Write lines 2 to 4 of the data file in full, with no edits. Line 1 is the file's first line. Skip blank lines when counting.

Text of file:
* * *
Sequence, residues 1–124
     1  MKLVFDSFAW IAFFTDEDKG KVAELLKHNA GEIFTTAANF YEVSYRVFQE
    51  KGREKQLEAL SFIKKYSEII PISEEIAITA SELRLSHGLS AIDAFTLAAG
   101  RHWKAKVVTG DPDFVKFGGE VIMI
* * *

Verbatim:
     1  MKLVFDSFAW IAFFTDEDKG KVAELLKHNA GEIFTTAANF YEVSYRVFQE
    51  KGREKQLEAL SFIKKYSEII PISEEIAITA SELRLSHGLS AIDAFTLAAG
   101  RHWKAKVVTG DPDFVKFGGE VIMI